I also have a hard time telling who really wants to hear every single detail about what tests I’ve had and what they’ve shown and who all the “charming players” there are (I not-so-secretly nickname most of my doctors and nurses, especially if there are ones that stand out screaming for one. This trip to JH has given us several – Nurses Anxious, Snake, and Afro; Doctors Bopper, Blondie, and Randomly In Charge; even techs like Pocket Fairy and New Best Friend. In fact, I’ve been asked to come up with a new cast of characters and why they got the nicknames they did, so I’m going to end this post a little prematurely so I can take a break and then tackle that. The next post will also likely have much bigger updates as to what’s going on and why I’m not discharged yet…

….and I just may have found my Zebra hunters. Oh yes, another nickname. The “Zebra” thing comes from an old medical school saying – “When you hear hoofbeats, think horses, not zebras.”

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Darling, Can’t You Hear Me SOS?

August 12, 2014 at 12:42 am (Hospitalizations, Medical, The Journey Towards Diagnosis) (, , , , , )

It’s now been officially a week since I have been admitted to Johns Hopkins. Although Rave and I both had tingly spidey-senses that a hospital trip was close at hand, we had no idea what we were in for.

I have been slow in telling people why I’ve been admitted, primarily because I’m still wrapping my brain around it and the effects it will have on my life going forward.

I have congestive heart failure. Specifically, right sided congestive heart failure, which is the rarer of the two. The doctors believe it was caused by my obstructive and central sleep apneas – a long story about which I am saving for another time.

I am requesting as strongly and seriously as I can that you do not ask questions or offer information (especially anecdotal or third-party info) about the causes, treatments, lifestyle adjustments, etc. THIS REQUEST PERTAINS TO THE INTERNET EVEN MORE SO THAN IN MEAT SPACE. One of the reasons I’ve been hesitant to post about this is because I am really not in a space to hear suggestions from everyone as to what to do next.

My second impetus for this post is more practical. In a perfect world, Rave would be here with me 24/7 until I was discharged. In the past, she’s done her best to attempt it but graciously accepted when she needed other people to step in. This time, things are much more challenging for us both as a unit and as two separate people.

What would be of help is people who could come and spend an entire evening with me (Ernie and Cookie Monsters may be warded against if necessary.). Throwing us a tank of gas (there are better turns of phrase, I’m sure) or helping us obtain parking passes. Specifically making plans to pick Rave up and take her to do de-stressful things. Rave may have some other ideas, and you may come up with ways to help that we didn’t think of.

I’m only going to add this next bit because I feel it’s necessary no matter how many times people have said it is not: Thank you from the bottom of my heart. We both loathe asking for assistance, especially with how generous our tribe has been for us, and we would NOT be asking if we saw many other alternatives.

Here’s the thing – I may be in here for another full week. In fact, that’s on the low end of the spectrum. It’s one of those visits where there is a goal to be met that can’t really be influenced by willpower or any kind of effort.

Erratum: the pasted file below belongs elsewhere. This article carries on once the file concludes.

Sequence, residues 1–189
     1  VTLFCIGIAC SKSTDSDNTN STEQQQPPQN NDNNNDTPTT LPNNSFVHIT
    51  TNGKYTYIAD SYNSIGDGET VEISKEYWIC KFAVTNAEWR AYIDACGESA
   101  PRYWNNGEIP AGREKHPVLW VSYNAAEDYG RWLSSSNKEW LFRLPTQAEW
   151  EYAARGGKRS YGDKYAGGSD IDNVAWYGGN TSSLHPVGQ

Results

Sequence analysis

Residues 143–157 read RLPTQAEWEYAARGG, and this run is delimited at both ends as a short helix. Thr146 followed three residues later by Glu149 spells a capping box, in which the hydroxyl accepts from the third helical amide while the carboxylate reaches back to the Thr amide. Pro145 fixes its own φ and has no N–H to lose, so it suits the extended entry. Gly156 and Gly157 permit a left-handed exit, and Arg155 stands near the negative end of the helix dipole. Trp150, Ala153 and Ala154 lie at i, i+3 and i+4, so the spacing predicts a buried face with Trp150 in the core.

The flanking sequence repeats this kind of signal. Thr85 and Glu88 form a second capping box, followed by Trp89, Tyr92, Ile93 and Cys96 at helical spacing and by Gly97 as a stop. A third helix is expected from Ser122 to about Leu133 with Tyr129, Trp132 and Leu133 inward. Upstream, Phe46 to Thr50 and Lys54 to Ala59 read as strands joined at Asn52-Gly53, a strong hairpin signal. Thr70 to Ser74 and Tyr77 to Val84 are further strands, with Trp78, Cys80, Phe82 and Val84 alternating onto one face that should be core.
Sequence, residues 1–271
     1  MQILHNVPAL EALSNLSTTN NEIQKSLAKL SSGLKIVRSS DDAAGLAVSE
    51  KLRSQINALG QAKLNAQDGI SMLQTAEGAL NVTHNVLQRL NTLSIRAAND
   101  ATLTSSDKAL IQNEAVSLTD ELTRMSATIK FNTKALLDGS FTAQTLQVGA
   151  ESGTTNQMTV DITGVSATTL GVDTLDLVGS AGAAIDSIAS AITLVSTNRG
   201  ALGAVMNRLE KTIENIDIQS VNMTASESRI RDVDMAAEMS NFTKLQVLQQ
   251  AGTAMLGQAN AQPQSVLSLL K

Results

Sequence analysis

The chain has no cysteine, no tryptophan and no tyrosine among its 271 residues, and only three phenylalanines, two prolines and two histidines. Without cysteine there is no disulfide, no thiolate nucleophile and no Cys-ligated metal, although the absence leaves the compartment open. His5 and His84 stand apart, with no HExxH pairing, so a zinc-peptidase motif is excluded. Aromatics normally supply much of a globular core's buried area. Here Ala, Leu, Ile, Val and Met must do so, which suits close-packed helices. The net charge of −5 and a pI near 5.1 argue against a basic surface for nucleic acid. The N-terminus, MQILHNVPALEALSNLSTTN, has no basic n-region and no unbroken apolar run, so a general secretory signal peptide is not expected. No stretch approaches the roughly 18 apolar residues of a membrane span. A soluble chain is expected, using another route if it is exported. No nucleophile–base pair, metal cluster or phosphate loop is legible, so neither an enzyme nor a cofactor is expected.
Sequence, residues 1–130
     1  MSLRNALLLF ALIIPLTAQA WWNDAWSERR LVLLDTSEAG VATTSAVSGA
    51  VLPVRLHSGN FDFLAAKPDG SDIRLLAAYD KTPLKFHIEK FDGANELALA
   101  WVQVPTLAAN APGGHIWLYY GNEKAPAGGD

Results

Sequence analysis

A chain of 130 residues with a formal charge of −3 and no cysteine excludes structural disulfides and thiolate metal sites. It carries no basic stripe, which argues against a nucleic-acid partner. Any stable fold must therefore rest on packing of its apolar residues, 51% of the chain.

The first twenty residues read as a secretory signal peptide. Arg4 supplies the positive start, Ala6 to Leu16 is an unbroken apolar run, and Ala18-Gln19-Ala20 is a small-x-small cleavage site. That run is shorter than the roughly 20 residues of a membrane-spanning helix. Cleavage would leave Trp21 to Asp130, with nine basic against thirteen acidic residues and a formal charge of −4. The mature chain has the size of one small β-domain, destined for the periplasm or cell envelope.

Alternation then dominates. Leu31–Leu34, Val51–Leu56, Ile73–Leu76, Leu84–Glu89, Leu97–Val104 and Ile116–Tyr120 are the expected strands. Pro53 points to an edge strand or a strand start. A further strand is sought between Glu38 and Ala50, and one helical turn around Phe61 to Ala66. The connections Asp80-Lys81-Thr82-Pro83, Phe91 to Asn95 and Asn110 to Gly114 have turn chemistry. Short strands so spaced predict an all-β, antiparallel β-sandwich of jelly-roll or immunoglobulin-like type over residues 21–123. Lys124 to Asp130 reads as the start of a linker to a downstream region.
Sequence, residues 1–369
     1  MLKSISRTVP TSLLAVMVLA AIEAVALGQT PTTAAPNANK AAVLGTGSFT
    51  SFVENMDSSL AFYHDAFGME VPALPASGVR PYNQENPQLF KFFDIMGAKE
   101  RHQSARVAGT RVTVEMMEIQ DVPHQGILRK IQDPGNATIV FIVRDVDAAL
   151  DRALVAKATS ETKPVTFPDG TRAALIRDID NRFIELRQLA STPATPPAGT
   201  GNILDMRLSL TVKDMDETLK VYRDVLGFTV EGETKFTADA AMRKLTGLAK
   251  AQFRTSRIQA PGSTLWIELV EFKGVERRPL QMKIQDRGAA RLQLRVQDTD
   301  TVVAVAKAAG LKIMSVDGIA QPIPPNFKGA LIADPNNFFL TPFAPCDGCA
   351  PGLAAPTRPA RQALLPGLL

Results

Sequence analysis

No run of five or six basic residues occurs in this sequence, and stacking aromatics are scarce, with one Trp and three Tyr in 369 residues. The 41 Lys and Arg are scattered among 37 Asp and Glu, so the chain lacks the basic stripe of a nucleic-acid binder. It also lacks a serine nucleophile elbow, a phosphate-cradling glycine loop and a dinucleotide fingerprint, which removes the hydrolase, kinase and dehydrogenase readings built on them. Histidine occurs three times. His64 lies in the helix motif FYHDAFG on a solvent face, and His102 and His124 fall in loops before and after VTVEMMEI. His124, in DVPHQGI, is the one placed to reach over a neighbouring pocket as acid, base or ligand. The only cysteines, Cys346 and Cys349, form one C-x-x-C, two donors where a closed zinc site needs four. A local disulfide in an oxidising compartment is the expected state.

If you feel you want to help, contact us using our shared email address – delandrave @ gmail . com.

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The Magic Number

August 8, 2014 at 2:26 pm (Death and Dying, Hospitalizations, Medical, Mental Health, The Journey Towards Diagnosis) (, , , , , , , , , , , , , , , , , , , , , , , )

Hey there, dear readers. Before I begin, I want to apologize. When I started this blog, one of the main reasons was so I could share information about my health in a timely manner from a centralized location – so I didn’t have to post to every single social medium and then answer comments from them as well – but this time I didn’t feel ready to blog about coming to Johns Hopkins ER or why I came in. I’m still not ready to write about all of it. But here is a little information, a little navel gazing, and a little update. -Del

A while ago, back in March, I started taking on some serious edemitous weight (what we non-medical types call “water weight”, “edema”, or “swelling”) – one doctor guestimated I had gained 50-70lbs of swelling (and he was pretty close to exactly right). I began seeing a long and complicated list of specialists, each of whom happily pointed to one another as the doctor who could help me tackle this once and for all. I was bounced from cardiologist to infectious disease to primary care to nephrology and around again. I got put on several different combinations of drugs, kept on using the pneumatics when I could, tried to limit my fluid intake, etc, etc, etc.

I will admit, I was feeling pretty defeated. Not only did each doctor think it was definitely a SEP (Someone Else’s Problem), but none of them treated it like a big deal. When I had to buy new shoes 3 sizes larger, I barely got a shrug. To me, my Non-Violet Beauregard impression felt like something pretty hazardous but even when doctors was using scary words like “organ failure” and “amputation” they did it with a resignation usually used about troublesome boys.

After all, the list of symptoms I had –

  • Extreme Fatigue
  • Shortness of Breath
  • Apparent Weight Gain (Swelling)
  • Lack of Appetite/Nausea
  • Sleep Disturbance